Do keep close to the gospel. However far we may travel from lazy or unthinking repetitions of Scripture, always recall that Christian theology was intended to be Christ-centered and mission-oriented. Whatever may be thought of the specifics of the thought of Scotsman James Denney or Swiss theologian Karl Barth, they have much to teach us here. Denney bluntly stated that he didn’t care anything for a theology that didn’t help a man to evangelize or to preach. Barth is reported to have published as many as five hundred pieces of writing and yet, when asked the most important thing he had learned, he responded:

Jesus loves me, this I know, for the Bible tells me so.”

This is the Spirit in which we further our reading. Ours is a love affair, not ultimately with books, but with our Lord. Ours is an obsession not with self-education, but with getting out the good news of Jesus.

Do work hard at breaking down what you know. If you are going to give out from what you have taken in, you’ll need not only to read but to begin communicating. It’s in this transition that we really begin to discern how well we have understood what we have read.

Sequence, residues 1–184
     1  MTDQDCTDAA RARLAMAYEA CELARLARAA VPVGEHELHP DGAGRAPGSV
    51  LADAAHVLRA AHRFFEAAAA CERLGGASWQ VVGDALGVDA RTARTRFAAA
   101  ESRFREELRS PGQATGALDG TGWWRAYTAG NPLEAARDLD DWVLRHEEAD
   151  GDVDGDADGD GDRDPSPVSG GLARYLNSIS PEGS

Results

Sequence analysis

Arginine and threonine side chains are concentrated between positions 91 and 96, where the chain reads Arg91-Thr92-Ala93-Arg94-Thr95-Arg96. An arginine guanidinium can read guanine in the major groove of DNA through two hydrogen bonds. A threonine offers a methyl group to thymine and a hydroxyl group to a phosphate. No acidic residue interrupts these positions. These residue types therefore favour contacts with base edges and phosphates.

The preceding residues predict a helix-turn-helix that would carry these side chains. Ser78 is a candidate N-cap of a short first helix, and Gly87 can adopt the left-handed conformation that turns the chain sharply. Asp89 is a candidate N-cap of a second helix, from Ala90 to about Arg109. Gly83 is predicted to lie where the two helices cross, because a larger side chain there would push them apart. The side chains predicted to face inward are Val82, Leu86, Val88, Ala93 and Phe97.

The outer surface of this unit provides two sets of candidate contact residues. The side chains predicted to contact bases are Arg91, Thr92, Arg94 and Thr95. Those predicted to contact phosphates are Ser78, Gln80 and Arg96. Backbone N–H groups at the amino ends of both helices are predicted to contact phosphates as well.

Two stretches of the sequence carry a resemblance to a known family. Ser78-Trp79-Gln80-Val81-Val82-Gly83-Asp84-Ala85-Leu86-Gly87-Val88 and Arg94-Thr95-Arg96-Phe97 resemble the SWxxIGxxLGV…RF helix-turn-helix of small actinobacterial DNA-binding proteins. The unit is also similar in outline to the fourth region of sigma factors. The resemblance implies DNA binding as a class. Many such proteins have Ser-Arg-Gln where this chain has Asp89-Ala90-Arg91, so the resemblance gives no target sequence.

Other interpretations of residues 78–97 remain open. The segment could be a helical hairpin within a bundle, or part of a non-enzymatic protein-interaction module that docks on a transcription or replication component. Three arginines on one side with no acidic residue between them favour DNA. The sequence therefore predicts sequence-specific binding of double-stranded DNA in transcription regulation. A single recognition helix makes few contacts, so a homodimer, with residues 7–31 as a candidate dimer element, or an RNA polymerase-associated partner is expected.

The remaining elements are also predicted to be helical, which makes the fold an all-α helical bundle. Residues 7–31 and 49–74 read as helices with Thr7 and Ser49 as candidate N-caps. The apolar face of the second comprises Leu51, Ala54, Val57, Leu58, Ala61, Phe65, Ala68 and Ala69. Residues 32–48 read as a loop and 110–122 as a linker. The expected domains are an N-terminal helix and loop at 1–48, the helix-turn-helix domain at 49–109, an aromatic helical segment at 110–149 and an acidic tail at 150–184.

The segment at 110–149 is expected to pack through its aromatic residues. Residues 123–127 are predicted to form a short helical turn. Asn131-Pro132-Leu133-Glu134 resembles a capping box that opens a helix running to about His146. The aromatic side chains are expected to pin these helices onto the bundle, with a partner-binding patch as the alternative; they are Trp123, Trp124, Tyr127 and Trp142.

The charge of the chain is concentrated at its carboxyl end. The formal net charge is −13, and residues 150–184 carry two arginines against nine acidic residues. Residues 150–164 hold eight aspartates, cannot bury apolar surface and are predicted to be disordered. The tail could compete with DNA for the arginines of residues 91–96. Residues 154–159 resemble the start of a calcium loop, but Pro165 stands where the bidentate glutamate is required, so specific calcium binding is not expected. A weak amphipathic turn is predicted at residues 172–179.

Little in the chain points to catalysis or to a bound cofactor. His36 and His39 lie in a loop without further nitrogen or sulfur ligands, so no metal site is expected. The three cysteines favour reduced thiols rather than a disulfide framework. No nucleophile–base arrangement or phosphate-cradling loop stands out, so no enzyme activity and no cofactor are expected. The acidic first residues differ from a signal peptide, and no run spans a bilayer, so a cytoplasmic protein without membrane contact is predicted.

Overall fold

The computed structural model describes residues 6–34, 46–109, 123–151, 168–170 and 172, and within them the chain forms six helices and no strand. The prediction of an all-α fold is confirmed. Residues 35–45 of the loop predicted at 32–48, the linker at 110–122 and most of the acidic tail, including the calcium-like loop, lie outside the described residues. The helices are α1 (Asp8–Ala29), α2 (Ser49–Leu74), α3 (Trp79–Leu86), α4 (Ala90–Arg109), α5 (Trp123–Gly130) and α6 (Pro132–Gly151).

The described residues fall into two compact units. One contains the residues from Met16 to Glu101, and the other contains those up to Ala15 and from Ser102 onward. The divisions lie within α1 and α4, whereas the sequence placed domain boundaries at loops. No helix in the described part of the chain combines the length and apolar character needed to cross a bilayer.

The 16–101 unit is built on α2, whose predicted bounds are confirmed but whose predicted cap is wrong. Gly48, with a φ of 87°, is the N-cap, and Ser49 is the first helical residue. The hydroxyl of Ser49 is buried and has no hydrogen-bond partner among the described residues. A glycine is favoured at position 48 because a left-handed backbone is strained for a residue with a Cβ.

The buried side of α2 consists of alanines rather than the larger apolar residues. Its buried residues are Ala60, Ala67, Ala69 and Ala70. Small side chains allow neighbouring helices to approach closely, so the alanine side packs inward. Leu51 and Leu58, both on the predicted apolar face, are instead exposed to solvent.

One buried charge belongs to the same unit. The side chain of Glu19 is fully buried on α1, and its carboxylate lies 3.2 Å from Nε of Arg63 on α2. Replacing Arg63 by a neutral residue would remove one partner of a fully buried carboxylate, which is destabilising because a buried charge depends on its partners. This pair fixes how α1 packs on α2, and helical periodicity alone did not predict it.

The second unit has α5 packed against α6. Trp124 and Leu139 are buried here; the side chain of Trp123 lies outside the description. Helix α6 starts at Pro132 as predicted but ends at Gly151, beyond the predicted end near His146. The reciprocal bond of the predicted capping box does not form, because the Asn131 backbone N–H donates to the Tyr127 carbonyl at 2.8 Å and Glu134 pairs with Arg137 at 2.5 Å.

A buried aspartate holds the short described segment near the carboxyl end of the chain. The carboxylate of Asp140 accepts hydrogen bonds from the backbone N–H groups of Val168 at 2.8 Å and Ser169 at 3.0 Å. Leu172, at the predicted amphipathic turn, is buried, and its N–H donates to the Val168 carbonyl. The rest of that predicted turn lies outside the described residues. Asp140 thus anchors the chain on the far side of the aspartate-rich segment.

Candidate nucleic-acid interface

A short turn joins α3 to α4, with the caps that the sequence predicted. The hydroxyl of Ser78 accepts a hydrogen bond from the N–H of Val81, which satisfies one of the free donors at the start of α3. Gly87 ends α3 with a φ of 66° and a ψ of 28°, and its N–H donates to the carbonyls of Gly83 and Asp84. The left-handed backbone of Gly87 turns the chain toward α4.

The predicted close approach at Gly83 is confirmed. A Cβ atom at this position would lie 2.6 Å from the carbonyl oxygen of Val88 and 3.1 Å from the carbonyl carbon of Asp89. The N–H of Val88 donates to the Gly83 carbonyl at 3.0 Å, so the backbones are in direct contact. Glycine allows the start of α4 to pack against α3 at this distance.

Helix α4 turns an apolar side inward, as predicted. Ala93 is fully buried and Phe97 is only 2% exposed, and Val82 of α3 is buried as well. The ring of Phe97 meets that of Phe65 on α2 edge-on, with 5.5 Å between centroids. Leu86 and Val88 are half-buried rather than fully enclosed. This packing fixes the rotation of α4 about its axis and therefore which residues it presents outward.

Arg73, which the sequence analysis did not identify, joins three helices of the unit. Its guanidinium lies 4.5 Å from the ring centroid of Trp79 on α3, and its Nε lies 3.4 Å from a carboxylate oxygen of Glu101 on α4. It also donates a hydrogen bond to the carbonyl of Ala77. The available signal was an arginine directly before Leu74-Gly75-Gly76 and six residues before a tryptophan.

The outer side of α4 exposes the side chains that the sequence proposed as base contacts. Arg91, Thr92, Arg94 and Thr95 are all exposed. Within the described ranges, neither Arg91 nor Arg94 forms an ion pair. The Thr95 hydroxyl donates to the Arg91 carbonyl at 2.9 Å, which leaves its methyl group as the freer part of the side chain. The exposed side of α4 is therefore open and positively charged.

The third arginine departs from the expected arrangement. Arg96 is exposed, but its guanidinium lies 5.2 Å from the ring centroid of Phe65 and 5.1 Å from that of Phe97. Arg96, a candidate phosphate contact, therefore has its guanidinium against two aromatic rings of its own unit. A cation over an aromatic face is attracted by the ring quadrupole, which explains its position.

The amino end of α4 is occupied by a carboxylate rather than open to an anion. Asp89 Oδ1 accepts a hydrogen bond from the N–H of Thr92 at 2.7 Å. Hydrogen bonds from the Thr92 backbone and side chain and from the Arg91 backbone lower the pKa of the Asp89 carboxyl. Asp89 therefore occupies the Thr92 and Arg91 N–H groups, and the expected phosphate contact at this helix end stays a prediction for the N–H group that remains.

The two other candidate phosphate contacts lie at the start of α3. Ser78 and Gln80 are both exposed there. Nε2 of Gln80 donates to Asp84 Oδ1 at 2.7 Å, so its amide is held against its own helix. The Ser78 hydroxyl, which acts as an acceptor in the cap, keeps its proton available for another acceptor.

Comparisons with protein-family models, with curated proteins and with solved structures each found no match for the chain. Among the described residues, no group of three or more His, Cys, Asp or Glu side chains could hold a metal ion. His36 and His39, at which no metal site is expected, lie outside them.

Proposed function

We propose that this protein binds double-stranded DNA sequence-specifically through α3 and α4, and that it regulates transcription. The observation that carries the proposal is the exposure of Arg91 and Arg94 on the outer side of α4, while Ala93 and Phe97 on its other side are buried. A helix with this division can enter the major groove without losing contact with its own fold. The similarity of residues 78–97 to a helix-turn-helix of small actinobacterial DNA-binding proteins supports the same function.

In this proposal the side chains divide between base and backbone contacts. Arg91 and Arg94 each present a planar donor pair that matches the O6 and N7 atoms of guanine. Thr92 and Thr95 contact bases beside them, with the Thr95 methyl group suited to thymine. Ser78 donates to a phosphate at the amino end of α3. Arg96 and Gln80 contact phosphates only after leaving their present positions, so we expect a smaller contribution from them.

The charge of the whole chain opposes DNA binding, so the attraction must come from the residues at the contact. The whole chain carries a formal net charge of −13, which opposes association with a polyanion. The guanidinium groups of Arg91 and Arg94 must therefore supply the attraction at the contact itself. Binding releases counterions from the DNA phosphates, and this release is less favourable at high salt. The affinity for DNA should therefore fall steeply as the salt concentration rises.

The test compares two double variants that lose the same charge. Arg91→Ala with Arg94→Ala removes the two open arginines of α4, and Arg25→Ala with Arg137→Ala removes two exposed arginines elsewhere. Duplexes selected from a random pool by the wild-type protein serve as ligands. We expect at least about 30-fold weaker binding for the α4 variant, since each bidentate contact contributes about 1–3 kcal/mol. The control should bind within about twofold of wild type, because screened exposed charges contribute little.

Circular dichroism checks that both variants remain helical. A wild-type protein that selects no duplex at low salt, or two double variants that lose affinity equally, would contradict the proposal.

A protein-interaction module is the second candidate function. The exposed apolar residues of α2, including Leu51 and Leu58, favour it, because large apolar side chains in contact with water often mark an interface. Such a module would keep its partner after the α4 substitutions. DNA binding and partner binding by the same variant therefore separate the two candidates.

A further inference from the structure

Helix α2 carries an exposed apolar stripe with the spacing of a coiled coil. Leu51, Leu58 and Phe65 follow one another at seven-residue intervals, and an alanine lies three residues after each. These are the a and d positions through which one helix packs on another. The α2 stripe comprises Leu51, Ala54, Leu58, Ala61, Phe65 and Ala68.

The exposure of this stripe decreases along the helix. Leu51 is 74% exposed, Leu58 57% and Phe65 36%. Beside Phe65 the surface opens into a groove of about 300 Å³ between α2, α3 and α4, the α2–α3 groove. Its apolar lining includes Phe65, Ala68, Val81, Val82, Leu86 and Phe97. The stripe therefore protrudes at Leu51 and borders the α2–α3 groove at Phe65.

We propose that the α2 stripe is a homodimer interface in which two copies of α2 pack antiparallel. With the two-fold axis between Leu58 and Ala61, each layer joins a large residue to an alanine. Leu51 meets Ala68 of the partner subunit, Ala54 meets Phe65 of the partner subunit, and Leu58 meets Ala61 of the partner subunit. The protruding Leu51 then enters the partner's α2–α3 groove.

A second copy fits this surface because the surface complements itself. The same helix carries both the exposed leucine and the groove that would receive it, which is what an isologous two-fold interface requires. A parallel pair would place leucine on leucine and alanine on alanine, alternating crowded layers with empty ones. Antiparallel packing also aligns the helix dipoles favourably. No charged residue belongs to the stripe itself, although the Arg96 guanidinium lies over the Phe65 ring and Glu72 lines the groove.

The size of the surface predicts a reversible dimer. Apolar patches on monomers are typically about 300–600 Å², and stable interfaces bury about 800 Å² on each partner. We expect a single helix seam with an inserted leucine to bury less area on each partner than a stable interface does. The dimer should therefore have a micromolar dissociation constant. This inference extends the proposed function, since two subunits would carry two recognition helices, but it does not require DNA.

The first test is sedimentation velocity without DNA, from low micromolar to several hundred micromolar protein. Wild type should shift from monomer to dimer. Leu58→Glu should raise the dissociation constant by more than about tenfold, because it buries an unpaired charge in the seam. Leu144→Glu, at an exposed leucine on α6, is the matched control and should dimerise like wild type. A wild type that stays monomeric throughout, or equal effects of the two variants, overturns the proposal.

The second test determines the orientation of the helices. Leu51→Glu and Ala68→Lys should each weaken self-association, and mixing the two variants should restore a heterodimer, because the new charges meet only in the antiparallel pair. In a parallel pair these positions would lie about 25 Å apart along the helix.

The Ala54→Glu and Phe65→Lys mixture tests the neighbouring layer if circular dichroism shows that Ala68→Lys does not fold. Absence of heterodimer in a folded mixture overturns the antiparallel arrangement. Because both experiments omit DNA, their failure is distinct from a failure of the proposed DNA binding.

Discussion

This transition happens in phases. The first phase entails the reading. Serious readers typically read with pencil in hand. We underline the important and relevant points, jot comments in the margins, and make our own indices in the rear of the book. The second phase entails digestion. This likely entails re-reading the book, focusing on the parts underlining, pausing to think through issues which weren’t clear or required more contemplation the first time around, and thinking through how the relevant material can be used. The third phase is one of consolidation. We begin to speak what we are satisfied is true to God’s Word. The initial attempts may be rough and ready, but with time and experience the practice of articulating biblical truths gets crisper and more competent. It’s at this point you’ll start gaining authority in the Word, becoming as much a giver as a receiver. In your giving you’ll gain the opportunity to share the sources which have been such a blessing to you. It’s in those first opportunities to share that the blessing of your reading completes its first full circle. Once just a reader, you’ve now become a teacher.

One final word of caution: Always recall in your reading and teaching, as my dad used to tell me, that people have souls, but books don’t. We read not ultimately for our own sakes, but for Christ’s. We read not to serve ourselves, but to serve the people to whom he sends us.

The Lord bless you as you develop further your godly habit of reading!